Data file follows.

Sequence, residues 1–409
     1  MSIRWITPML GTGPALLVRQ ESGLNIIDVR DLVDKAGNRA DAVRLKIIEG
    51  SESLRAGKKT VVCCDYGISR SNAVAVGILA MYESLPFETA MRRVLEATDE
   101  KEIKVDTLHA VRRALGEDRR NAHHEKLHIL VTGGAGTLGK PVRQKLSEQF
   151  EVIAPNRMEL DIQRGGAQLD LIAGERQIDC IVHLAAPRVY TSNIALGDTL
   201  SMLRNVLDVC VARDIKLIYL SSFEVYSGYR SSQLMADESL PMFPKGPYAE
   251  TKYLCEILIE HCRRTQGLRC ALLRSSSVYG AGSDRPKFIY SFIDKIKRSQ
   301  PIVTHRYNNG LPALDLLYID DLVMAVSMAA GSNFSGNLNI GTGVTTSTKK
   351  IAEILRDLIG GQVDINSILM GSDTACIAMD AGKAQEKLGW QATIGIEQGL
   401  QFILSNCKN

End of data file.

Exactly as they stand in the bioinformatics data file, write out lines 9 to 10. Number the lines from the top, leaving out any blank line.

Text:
   351  IAEILRDLIG GQVDINSILM GSDTACIAMD AGKAQEKLGW QATIGIEQGL
   401  QFILSNCKN